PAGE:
The team gets inspired during the competition – Fort Carson Mountaineer

By Sergeant. Kelsey Simmons

4th Infantry Division Public Affairs Office

SPC. Brandon Gracia, assigned to 3rd Squadron, 61st Cavalry Regiment, 2nd Stryker Brigade Combat Team, 4th Infantry Division, climbs a rope during the Best Medic competition, Oct. 5, 2021, at Fort Carson, Colorado. (U.S. Army photo by Sgt. Matthew Rabahy)

For two soldiers who never expected a medical career in their future, Staff Sgt. Ismael Marquez and SPC. Brandon Gracia has proven to himself and everyone around him that just like the contents of the IVs they handle, medicine flows through their veins.

After winning the Ivy Best Medic contest at Fort Carson, Oct. 7, 2021, the two Ivy Soldiers plan to be the second consecutive squad for 3rd Squadron, 61st Cavalry Regiment, 2nd Stryker Brigade Combat Team, 4th Infantry Division, to take home the title of “the best doctors in the army”. Marquez and Gracia’s next step is competing in Command Sgt. Major Jack L. Clark Jr. Army Best Medic Competition Jan. 24-28, 2022, at Fort Hood, TX.

“It would be a huge honor to win the competition and bring it back to 4th Inf. Div., 2nd SBCT and our squadron, Marquez said. “The esprit de corps in our unit would continue to grow. We want our unit to be able to say that we produce only the “best doctors”. That’s the goal: to have the best medical platoon in the US Army.

The ABMC is a 72-84 hour two-soldier team competition that challenges the best Army medical teams in a demanding, continuous and realistic simulated operational environment. The winning team will take home the title of the Army’s Top Combat Medic for 2022.

Marquez was born in Anaheim, CA and raised in La Habra, CA.

“I wanted to be a firefighter, so I thought joining the military as a medic would help because in California, firefighting is very competitive,” Marquez said. “I originally just wanted to finish my four years and then go out and become a firefighter, but here I am eight years later.”

Staff Sgt.  Ismael Marquez

Staff Sgt. Ismael Marquez, with 3rd Squadron, 61st Cavalry Regiment, 2nd Stryker Brigade Combat Team, 4th Infantry Division, performs CPR on a mannequin Oct. 5, 2021, during the Best Medic competition at the Ivy Physical Fitness Center .

Marquez spent his first three years in the military working at Brooke Army Medical Center at Joint Base San Antonio, Texas.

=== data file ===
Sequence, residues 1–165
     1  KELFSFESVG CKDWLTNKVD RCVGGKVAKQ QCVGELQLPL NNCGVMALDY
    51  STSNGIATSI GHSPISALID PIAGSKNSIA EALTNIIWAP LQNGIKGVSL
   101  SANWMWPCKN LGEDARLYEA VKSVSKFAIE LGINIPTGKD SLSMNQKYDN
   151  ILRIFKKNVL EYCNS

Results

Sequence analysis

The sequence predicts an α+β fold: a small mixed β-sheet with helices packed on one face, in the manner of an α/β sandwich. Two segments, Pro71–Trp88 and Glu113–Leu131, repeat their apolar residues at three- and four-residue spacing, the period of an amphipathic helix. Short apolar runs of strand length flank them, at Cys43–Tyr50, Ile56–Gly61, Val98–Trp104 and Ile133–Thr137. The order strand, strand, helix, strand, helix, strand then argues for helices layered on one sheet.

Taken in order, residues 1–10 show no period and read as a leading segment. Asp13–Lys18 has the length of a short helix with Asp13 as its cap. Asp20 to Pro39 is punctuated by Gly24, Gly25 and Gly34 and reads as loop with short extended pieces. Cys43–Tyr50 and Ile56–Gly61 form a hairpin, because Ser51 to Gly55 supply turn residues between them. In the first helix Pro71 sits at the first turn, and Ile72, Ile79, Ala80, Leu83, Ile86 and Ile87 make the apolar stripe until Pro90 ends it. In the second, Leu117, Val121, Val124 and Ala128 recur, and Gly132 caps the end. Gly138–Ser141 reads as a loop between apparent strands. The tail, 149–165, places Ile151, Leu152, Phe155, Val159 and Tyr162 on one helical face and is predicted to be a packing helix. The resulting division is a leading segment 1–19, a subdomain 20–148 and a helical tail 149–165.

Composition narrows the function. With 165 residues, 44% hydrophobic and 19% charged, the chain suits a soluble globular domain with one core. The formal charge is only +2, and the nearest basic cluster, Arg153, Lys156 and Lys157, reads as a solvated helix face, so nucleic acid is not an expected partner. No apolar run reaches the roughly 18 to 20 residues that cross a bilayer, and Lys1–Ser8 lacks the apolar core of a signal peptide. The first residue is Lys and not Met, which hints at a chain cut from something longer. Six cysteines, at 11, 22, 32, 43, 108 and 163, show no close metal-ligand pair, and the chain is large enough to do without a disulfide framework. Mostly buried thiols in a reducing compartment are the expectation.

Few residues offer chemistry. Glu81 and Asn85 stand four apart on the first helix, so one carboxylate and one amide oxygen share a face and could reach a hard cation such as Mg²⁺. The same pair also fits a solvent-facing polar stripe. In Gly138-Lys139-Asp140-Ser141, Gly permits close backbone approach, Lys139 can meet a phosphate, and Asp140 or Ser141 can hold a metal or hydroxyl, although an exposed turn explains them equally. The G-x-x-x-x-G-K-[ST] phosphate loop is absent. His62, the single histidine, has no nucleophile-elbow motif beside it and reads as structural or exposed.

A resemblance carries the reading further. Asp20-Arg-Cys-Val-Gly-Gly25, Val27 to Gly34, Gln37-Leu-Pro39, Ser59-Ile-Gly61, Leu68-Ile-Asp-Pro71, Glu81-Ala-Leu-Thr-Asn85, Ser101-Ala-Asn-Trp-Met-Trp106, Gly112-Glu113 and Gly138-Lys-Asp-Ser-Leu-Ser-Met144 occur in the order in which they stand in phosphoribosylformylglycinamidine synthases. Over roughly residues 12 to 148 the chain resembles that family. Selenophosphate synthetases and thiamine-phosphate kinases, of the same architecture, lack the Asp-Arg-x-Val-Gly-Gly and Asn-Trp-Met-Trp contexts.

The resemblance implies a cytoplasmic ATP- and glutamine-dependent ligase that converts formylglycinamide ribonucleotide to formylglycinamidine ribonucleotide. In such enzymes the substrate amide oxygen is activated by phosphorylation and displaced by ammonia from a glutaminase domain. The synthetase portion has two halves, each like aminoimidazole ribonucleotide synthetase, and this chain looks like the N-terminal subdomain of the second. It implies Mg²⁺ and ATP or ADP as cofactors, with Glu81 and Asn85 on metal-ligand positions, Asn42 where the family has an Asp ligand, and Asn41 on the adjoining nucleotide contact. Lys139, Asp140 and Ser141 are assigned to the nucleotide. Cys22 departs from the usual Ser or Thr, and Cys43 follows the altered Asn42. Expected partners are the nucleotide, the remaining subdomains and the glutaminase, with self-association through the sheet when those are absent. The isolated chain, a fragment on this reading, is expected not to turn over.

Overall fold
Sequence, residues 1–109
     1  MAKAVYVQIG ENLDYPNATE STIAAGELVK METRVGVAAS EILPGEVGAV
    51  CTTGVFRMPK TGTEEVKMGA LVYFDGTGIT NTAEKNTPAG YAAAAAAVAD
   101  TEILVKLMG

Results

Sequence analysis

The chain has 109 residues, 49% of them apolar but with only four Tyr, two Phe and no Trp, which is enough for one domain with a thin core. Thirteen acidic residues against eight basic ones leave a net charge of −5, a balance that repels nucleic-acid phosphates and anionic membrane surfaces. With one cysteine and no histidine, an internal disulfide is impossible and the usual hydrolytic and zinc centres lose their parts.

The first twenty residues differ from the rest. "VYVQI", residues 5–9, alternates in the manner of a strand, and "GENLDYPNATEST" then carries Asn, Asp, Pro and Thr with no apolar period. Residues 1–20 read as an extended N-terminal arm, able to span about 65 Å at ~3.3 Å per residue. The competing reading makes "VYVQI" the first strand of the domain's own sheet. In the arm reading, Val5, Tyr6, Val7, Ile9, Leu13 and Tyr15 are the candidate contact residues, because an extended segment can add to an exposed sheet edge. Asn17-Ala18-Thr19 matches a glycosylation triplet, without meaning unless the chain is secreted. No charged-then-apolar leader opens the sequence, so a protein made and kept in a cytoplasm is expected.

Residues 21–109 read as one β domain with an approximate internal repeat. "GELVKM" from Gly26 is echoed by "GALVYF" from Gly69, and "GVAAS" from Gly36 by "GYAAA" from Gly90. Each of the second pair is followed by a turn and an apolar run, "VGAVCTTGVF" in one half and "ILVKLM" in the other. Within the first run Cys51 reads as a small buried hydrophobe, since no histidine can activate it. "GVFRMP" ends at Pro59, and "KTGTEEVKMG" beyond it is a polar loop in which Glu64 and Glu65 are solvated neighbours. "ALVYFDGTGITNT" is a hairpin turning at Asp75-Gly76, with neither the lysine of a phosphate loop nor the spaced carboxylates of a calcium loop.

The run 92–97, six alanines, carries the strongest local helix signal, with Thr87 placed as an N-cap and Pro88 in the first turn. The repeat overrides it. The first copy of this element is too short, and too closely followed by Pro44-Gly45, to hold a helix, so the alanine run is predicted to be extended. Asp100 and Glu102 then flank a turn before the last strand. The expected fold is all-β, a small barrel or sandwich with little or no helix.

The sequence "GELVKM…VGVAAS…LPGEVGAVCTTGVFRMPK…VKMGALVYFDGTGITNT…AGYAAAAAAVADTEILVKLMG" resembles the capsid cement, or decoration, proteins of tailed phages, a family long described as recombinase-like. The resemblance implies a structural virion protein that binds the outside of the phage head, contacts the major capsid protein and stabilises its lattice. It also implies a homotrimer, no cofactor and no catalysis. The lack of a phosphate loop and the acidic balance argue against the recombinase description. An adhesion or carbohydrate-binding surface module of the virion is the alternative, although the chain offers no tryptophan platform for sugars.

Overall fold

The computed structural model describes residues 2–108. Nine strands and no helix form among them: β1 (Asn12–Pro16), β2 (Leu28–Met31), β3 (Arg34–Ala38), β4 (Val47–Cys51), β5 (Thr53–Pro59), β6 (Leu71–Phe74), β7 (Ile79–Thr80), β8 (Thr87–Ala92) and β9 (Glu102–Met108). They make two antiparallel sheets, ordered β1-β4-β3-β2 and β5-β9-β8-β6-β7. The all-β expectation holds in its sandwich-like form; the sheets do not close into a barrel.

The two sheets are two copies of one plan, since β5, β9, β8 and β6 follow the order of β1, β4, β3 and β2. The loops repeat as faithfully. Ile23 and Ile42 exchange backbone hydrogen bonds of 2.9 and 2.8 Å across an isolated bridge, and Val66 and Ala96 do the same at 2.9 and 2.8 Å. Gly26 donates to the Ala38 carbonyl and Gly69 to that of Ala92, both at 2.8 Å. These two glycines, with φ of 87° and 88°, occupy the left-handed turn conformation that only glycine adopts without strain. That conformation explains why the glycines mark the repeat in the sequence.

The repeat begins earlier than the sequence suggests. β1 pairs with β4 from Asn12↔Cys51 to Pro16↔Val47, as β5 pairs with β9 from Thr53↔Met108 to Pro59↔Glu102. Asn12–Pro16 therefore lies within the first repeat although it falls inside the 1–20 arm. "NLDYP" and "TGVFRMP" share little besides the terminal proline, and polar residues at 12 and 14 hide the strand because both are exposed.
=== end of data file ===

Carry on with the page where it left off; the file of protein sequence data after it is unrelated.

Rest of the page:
“We’ve seen everything from minor scratches and burns to gunshot wounds, stab wounds and serious injuries from car accidents,” he said. “I really enjoyed my time there – helping people and saving lives.”

Working in a hands-on medical environment, Marquez learned many skills he could pass on to future soldiers as he continued to rise through the ranks of the military.

“Growing up in Orlando, Florida, my mom and I never had a stable place to live,” Gracia said. “One day I walked into a recruiter’s office and told him that this sounded like a great opportunity. I went through the jobs and a combat medic appeared; I felt like he was calling my name. It was out of the blue for me, but it was different, new and something I had never experienced before, so it caught my eye.

Gracia said he quickly learned to love his new career, even though learning medicine didn’t come naturally to him at first.

“Since my arrival I have proven that I am a good doctor and that I deserve to be here,” Gracia said. “I’ve won the Expert Field Medic badge and now the Ivy Best Medic competition, so it’s all really solidified that for me.”

Gracia said her partner and platoon sergeant Marquez was instrumental in helping them both win the competition.

“If he hadn’t taught me these high-level medical skills, I never would have been able to do this,” Gracia said.

Marquez had a different perspective on the matter.

“I think if anything, Gracia inspired me,” he said. “I saw how excited Gracia was to compete in this year’s competition after her friend, Spc. Anchor Jennison, won the Best Army Physician competition last year, so I decided to compete with him as a partner. I wouldn’t be here without him.

Marquez not only influenced Gracia to become a more competent medic, but also had an inspiring effect on his entire squadron.

“Before Marquez arrived, we didn’t have an EFMB,” Gracia said. “After only one year of being our platoon sergeant, we have increased him to five. It’s a huge accomplishment.